The biodigesters were charged daily at exactly the same time and with the amounts of fresh manure and water according to the treatments and the liquid volume of the biodigester (Table 3). The indicated amount of pig manure was fixed on a DM basis. The amount of water added was determined by retention time (Table 3).
The experimental data were recorded daily during the last 20 days of each experimental period. Samples of fresh pig manure and effluent were taken daily on days 21 to 40, immediately before (manure) and after (effluent) charging the biodigester.
The samples of fresh manure were bulked and mixed every 10 days, and effluent every 7 days, prior to taking representative samples for analysis of total N and ammonia-N using a Foss-Tecator Kjeldahl apparatus and for organic matter by ashing the samples in a furnace oven (AOAC 1990). DM content was determined by microwave radiation (Undersander et al 1993).
Gas production was measured daily using the system of water displacement developed by San Thy et al (2003) (Photo 2). The change in volume was recorded 2 to 3 times a day to determine daily gas production.
The data were subjected to analysis of variance (ANOVA) using the General Linear Model (GLM) of the MINITAB software Release 13.31 (2000). The model was:
Yij k = µ + Ti +Pj + Ak+ eijk
There were no differences in the DM, OM and total N concentration of the manure between locations (Table 4). Ammonia-N as a proportion of total N was highest in he pig manure in Lao and Vietnam and lowest in Cambodia and Thailand.
Ammonia-N as percentage of total N was higher for the more diluted influent (10 day retention time (Table 5).
OM content of the DM of the manure was lower in Lao and Cambodia than in Thailand and Vietnam (Table 6). Correspondingly, NH3-N as proportion of total N was higher in Cambodia and Lao.
Ammonia-N as proportion of total N was higher in the influent than in manure , presumably reflecting microbial action between the time taken to sample raw manure, and the adding of water and stirring activities to make the influent slurry (Figure 1).
There was no effect of the length of the biodigester on the DM, OM, total N and ammonia N (total ammonia as well as percent of total N) in the effluent (Table 7).
There was no effect of the manure dilution rate (retention time) on the proportion of total N in effluent in the form of ammonia (Table 8), nor of the biodigester length (Figure 2).
San Thy et al (2003), using pig manure with different loading rates of 2.93, 1.46 and 0.92 kg DM/day/m3 liquid volume and hydraulic retention times of 10, 20, and 30 days, observed that the proportion of ammonia N to total N increased with longer retention time but when pig manure loading rate was fixed, it was not affected by retention time.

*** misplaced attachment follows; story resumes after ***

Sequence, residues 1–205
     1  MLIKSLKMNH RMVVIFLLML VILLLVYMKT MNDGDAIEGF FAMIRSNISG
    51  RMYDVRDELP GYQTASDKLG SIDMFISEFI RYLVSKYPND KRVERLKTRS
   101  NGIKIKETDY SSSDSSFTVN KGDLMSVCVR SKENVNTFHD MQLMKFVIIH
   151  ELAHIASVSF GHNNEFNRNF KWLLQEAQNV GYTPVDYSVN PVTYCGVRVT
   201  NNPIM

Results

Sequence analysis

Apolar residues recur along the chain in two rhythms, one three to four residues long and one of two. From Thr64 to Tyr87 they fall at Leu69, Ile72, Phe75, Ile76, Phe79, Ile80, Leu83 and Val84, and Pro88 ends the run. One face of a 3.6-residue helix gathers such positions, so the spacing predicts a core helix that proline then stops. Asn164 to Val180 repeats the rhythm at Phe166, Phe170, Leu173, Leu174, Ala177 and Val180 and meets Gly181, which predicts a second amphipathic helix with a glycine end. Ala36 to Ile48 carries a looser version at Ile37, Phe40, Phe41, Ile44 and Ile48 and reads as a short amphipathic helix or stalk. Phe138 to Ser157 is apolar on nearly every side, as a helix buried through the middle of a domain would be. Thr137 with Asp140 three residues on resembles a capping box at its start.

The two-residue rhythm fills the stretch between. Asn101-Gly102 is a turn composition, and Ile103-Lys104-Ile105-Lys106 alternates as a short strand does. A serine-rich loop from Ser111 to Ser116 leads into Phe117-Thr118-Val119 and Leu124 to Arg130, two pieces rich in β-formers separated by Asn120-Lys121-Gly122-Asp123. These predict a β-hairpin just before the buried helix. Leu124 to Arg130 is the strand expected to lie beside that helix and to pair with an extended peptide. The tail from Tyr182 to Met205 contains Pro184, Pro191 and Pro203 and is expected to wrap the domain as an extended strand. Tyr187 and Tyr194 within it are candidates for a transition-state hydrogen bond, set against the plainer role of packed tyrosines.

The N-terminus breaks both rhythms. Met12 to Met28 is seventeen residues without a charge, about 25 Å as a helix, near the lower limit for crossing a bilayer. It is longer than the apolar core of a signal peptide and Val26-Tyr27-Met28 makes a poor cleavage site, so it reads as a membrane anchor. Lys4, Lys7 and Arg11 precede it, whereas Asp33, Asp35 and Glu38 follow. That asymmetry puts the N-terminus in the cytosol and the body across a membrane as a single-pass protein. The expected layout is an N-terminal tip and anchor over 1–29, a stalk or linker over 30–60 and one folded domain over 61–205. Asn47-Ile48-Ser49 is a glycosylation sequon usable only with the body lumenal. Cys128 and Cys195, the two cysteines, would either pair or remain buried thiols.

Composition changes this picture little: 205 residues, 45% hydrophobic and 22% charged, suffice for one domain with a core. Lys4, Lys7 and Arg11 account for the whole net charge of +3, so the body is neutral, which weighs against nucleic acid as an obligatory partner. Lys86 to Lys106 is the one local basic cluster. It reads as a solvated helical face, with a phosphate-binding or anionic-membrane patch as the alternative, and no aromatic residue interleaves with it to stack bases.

These experimental data do not support the original hypothesis that shorter biodigesters and retention time would support a greater degree of conversion of organic-N in the influent to ammonia-N in the effluent. However, the substantial improvement in ammonia-N as proportion of total N in the transition from manure to influent (diluted manure) from 9.54-15.03% to 20.7-31.% to 41.8-56.1%) is in accordance with the findings of Pedroza et al (2001) who reported increases from 20 in the influent to 60 in the effluent and San Thy et al (2003) who reported increases from 20 to 50-60 % of ammonia-N in total N in influent and effluent.
After inoculation of the biodigester and an adaptation period of about 8 days, the biodigesters were charged daily with manure and water according to treatment. The trend in rate of gas production during this phase (Figure 3) was similar to that reported by San Thy et al (2003).
There were no differences between biodigester dimensions for gas production as litres per kg DM (and OM) of manure, or as proportion biodigester liquid volume (Table 9).
The biogas production differed among the countries with highest values for Cambodia, followed by Lao, Vietnam and Thailand (Table10). We have no obvious explanation for these differences.
All measures of gas production showed increases for the longer retention time of 20 days (Table 11). This is in agreement with data in the literature (Figure 5) which showed a peak in production at around 20 day retention times and then a decline.
Figure 5: Relationship between retention times and gas production (literature data: Boodoo et al 1979, San Thy et al 2004 b, San Thy et al 2003, Safley et al 1987, Polprasert et al 1982a, Hayes et al 1979, Bui Xuan An and Preston 1999, Lotte et al 1996, Khang et al 2002, Bui Xuan An et al 1995)
The authors would like to thank the Swedish Agency for Research Cooperation with Developing Countries (SAREC) for funding this study through the regional MEKARN project, and all friends and research teams in riparian countries for their cooperation during the experiment.
San Thy, Buntha P, Vanvuth T, Preston T R, Duong Nguyen Khang, Soukanh K, Boualong Phouthone, Choke Mikled and Sopharoek N 2005: Effect of length: diameter ratio in polyethylene biodigesters on gas production and effluent composition. Livestock Research for Rural Development. Volume 17, Article #120. Retrieved November 7, 2005, from http://www.cipav.org.co/lrrd/lrrd17/11/sant17120.htm